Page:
Should I Spend Extra Money to Earn Extra Points?

From now through the end of September, Rocketmiles is offering an increased promotion when you book a hotel through their website. The premise of Rocketmiles is the same as any other hotel search engine, with a twist. When you book through their site, you’re able to earn additional frequent flyer miles. It’s similar to a shopping portal, so just by using their search engine, you earn airline miles. Aeroplan, Air France, Alaska Airlines, , American Airlines, Delta, Etihad, Frontier, Hawaiian Airlines, JetBlue, KLM, Qatar, Southwest, Turkish Airlines, United, US Airways, and Virgin America are all programs you can earn with.

Book your hotel through Rocketmiles.com and earn additional frequent flyer miles.

Book your hotel through Rocketmiles.com and earn frequent flyer miles.

As with any promotion though, you should do a quick bit of research into the value of the additional miles. Picking up a few thousand frequent flyer miles, for, “free” is great, but you don’t want to spend extra money to acquire them. Example: I’ll be visiting Vancouver next month so I visited Rocketmiles to see the different options of rooms. Overall the room prices were quite reasonable, and picking up an extra 2,000, 3,000 or even 5,000 miles seemed like a no-brainer.

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However just to make sure, I checked out some of the other pricing options for hotels in Vancouver, finding the lowest priced options through Hotels.com. In this case, I was able to find the exact same hotel, for a price a bit lower. Meaning I’d be spending $6 more if I went through Rocketmiles.com Screen Shot 2014-08-06 at 5.06.22 PM

Sometimes it’s worth going through a special promotion or shopping portal to get additional points or miles. If the difference in price is only a few dollars, then I’d grab the extra 2,000 bonus miles through Rocketmiles without hesitating. In this case though, I could do some simple math to determine which deal was the best.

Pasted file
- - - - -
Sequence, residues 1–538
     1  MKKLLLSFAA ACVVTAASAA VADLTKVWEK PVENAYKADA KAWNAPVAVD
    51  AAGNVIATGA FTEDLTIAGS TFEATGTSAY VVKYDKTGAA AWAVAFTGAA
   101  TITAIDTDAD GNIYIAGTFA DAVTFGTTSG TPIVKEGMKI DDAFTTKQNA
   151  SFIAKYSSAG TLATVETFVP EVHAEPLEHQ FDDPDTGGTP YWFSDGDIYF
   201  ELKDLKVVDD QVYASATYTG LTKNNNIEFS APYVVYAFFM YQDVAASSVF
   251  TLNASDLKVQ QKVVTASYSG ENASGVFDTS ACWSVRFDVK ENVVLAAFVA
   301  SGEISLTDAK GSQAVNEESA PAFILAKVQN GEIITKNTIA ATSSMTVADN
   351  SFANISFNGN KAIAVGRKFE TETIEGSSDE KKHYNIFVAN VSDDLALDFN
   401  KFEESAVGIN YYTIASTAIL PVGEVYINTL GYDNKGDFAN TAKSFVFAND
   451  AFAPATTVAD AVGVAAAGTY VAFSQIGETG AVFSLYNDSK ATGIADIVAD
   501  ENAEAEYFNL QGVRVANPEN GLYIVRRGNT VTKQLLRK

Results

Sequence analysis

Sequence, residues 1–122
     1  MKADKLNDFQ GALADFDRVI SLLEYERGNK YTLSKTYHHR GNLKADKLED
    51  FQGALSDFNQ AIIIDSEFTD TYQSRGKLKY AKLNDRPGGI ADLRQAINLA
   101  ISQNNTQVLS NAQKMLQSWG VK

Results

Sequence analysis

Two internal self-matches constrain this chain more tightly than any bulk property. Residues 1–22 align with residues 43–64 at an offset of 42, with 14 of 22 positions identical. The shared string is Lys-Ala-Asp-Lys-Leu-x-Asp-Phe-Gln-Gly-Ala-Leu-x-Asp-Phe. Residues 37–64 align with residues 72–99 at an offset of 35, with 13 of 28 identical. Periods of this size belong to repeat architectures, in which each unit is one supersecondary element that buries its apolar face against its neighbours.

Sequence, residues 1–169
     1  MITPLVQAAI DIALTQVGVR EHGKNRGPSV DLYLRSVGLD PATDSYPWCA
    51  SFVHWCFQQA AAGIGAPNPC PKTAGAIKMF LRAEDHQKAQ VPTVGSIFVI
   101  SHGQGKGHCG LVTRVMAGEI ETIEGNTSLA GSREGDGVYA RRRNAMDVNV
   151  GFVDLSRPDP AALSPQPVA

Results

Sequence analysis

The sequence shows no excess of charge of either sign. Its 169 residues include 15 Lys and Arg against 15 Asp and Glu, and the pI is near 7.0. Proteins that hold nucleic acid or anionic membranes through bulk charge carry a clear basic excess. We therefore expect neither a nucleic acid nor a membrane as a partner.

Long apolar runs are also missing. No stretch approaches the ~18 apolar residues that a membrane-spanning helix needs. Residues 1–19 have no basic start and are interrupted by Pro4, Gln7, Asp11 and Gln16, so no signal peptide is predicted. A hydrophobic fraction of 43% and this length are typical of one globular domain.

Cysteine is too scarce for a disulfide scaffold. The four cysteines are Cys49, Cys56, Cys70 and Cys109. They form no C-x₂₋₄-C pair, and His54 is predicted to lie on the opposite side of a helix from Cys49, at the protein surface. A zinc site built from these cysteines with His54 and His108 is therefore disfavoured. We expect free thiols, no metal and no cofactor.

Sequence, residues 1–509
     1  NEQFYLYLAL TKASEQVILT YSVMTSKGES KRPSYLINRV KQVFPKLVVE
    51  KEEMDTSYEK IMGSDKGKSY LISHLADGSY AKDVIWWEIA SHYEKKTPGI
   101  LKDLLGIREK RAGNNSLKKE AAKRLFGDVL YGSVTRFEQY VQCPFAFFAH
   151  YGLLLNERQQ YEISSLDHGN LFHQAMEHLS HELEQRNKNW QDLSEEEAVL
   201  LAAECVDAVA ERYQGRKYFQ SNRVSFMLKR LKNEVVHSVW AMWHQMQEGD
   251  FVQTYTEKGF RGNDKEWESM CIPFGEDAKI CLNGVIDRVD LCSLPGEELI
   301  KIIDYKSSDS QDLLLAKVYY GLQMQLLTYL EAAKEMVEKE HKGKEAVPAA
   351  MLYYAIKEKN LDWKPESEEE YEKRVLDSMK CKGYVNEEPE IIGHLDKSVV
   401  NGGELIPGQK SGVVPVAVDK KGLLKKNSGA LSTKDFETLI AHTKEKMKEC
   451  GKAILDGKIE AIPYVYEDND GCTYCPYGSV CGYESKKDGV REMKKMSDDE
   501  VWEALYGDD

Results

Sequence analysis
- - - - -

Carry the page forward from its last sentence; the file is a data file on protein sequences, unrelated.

Even without additional taxes or charges, I’d be spending an extra $6 per night or $12 total. And in return I’d be getting 2,000 airline miles that I wouldn’t otherwise be getting. Total Extra Dollar Amount ($14) Divided by total miles earned (2,000) Equals my point valuation. (What each point/mile is “worth” or in this case what it costs me to earn.) $14 / 2,000 = $.007 Rounded to $.007 or 7/10 cents per point. I’d be┬ábe “buying” an airline miles for 7/10th of a cent. I value a point/mile at roughly one penny on both ends.

 

Meaning I don’t want to spend more than one penny to earn or buy it, and I always want to redeem it for one penny or more. That means this is a good deal! In this case I ended up not using Rocketmiles, but because of a mistake on my end.

I ended up comparing two hotels in Vancouver that I thought were the same, when they really were not. While it would have made sense to use rocket miles, I made a mistake and looked at the wrong price. Doh! My mistake.

 

Throughout any promotion or bonus deal, just make sure to do a quick bit of research and run the numbers before you book. Sometimes it may make sense to use a program like Rocket miles, though sometimes not. Just check and double check the numbers.

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2 Comments

  1. August 27, 2014 / 3:57 pm

    I would tend to agree. I usually don’t want to spend more money just to get more miles. I want to get more miles with the money that I’m already spending. Especially when airlines can devalue their programs at any time and sometimes without notice, it’s never a good idea to “buy” miles when you don’t have a specific itinerary or trip in mind.

    That being said, 1.48 cents per mile is not a bad deal and it wouldn’t be a bad idea if you needed to “top off” your mileage bank to finally redeem for a trip.

    • Steve Bierfeldt
      August 28, 2014 / 8:44 pm

      Agreed!